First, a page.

Is there a way to create an object timer property in python? Like own[‘delay’].timerProperty?
I don’t believe you can, as it doesn’t belong to the default python types.
You could easily create a class instance with a property that updates when called. Using the get() method, every time you call
time = myclass.timer_prop_1
it would update the value. Bare in mind you’d need both the container class as well as the timer property class.
Otherwise, you could write a class with methods like get_time, or a property decorated function that returns the time.
Here is an example of a descriptor version (hacky)
from time import time, sleep def unbind(function): try: return function.__func__ except AttributeError: raise Exception("Function is not bound") def is_bound(function): return hasattr(function, "__self__") class SpecialProperty(object): "Emulate PyProperty_Type() in Objects/descrobject.c" def __init__(self, fget=None, fset=None, fdel=None, doc=None): self.fget = fget self.fset = fset self.fdel = fdel if is_bound(self.fget): self.fget = unbind(self.fget) if is_bound(self.fset): self.fset = unbind(self.fset) if is_bound(self.fdel): self.fdel = unbind(self.fdel) self.__doc__ = doc def __get__(self, obj, objtype=None): if obj is None: return self if self.fget is None: raise AttributeError("unreadable attribute") return self.fget(obj) def __set__(self, obj, value): if self.fset is None: raise AttributeError("can't set attribute") self.fset(obj, value) def __delete__(self, obj): if self.fdel is None: raise AttributeError("can't delete attribute") self.fdel(obj) def setter(self, func): if is_bound(func): func = unbind(func) self.fset = func return self class InstanceDescriptor: def __getattribute__(self, name): value = object.__getattribute__(self, name) if hasattr(value, "__get__"): return value.__get__(self, self.__class__) return value def __setattr__(self, name, value): try: obj = object.__getattribute__(self, name) except AttributeError: pass else: if hasattr(obj, '__set__'): return obj.__set__(self, value) return object.__setattr__(self, name, value) class Timer: def __init__(self): self.time = time() def __get__(self, inst, typ): if inst is None: return self return time() - self.time def __set__(self, inst, value): if inst is None: return self.time = time() - value class ExampleClass(InstanceDescriptor): def __init__(self): self.timer = Timer() a = ExampleClass() print(a.timer) sleep(1) print(a.timer) a.timer = 0.0 time.sleep(1) print(a.timer)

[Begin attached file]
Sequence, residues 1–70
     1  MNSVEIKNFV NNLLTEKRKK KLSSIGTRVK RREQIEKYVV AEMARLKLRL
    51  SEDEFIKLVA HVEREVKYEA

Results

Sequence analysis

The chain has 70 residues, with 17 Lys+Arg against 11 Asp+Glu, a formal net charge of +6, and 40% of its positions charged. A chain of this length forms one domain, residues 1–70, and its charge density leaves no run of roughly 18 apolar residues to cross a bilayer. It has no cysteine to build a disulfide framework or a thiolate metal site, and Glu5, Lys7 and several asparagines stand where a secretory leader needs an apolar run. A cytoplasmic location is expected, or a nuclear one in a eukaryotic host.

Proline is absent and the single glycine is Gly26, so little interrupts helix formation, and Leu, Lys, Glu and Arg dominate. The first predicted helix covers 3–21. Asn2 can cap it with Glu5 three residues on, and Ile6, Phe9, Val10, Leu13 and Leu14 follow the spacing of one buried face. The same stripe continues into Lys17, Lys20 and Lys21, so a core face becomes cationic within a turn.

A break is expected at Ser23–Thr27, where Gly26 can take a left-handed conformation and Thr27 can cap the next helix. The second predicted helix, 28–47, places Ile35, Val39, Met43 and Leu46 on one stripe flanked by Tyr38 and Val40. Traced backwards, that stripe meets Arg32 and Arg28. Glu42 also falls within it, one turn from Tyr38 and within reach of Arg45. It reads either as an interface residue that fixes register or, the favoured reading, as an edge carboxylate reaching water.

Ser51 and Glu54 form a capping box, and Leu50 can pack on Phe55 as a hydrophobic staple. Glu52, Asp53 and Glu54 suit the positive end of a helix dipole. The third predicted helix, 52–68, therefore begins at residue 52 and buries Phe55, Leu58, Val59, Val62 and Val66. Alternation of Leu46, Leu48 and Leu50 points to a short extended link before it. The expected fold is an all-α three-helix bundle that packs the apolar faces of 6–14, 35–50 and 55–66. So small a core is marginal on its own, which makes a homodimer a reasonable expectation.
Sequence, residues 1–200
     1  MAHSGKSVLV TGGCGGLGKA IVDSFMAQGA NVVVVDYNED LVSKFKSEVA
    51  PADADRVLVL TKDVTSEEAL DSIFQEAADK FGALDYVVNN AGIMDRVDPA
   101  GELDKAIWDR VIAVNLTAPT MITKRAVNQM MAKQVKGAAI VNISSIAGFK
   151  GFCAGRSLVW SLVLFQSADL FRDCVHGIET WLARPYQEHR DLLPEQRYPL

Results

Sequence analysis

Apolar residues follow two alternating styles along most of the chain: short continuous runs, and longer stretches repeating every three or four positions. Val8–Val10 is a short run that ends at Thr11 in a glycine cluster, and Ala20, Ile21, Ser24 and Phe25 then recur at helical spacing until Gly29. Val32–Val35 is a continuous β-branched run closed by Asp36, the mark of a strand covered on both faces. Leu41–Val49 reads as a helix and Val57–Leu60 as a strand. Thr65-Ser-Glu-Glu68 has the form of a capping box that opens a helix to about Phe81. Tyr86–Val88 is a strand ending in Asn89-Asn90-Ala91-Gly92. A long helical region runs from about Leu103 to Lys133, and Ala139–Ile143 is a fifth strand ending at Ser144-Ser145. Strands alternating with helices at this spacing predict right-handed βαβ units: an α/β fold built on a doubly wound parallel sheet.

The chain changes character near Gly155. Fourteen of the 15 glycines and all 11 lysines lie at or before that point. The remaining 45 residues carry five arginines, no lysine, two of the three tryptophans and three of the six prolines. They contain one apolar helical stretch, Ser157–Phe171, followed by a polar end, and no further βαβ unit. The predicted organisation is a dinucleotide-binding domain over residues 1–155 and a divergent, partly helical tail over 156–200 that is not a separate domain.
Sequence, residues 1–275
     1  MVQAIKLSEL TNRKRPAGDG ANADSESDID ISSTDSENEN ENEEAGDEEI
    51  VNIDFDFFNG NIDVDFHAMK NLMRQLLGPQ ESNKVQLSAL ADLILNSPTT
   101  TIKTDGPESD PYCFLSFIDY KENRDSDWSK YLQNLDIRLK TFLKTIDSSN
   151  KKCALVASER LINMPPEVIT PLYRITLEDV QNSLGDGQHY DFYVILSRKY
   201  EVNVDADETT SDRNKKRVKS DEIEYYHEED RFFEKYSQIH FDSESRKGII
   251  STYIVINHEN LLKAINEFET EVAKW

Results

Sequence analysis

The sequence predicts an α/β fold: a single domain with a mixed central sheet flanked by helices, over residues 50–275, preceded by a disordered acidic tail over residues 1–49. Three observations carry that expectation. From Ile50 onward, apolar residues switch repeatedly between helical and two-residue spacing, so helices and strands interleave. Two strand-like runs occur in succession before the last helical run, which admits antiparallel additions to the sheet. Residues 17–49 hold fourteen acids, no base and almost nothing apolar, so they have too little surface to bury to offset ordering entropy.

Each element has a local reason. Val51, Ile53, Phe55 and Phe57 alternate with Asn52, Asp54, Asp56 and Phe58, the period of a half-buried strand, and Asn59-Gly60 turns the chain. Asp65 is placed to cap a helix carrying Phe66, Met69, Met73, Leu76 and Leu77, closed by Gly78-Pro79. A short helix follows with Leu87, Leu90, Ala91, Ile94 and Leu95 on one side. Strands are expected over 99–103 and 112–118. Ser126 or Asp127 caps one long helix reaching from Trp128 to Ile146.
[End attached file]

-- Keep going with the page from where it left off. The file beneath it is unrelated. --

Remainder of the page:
Here is a simple property version, but less hidden
from time import time class ExampleClass: def __init__(self): self._time = time() @property def timer(self): return time() - self._time @timer.setter def timer(self, value): self._time = time() - value
That’s a to bad you cant use properties in that way. It would be very useful.
you mean a object that keep the time for all objects of the scene ?
if so, you can make a obj that keep the time, call it Time or something .
with a script that run every frame(and calculate the time)
then , from other obj , you call this obj from the scene , and read the time .
objTime = scene.objects[“Time”]
time = objTime[“time”]
I would have liked each object to work independently on its own properties, but it will work.
Since you took the time to create these I decided to try them out and, it works great! Thanks! I like to look over the code and try to figure out how it works so at first it looked a little intimidating. Still does kinda. I’m still learning how classes work.
Thank you for your help! Thank you for creating these!
That’s kind of you to try them, although I really wanted to see how easy it was. Fundamentally you can never trick C++ into thinking a PyObject isn’t a PyObject unless you explicitly try to do so, so that would always be an issue with debug properties and logic bricks. I wouldn’t try and understand the classes too badly; they’re non-conventional hacking. I took the concept of descriptors, then allowed them to work with instances (using the InstancedDescriptor base class) and then I overwrote the property access mechanism on the game object to call any descriptors if they existed before reading the property.
It is pretty simple. I added the script to my addons folder so all I have to do is import “from timer_lib import Timer, ObjectPatch”
set own = ObjectPatch(own) and your good to go!
import bge from timer_lib import Timer, ObjectPatch def main(cont): own = cont.owner own = ObjectPatch(own) if not "timer" in own: own['timer'] = Timer() print(own['timer'])
Do you need to use this?
if not isinstance(own, ObjectPatch): own = ObjectPatch(own)
Yes. That is the only part you “need”. It only needs to (and should only) be run once to setup the object.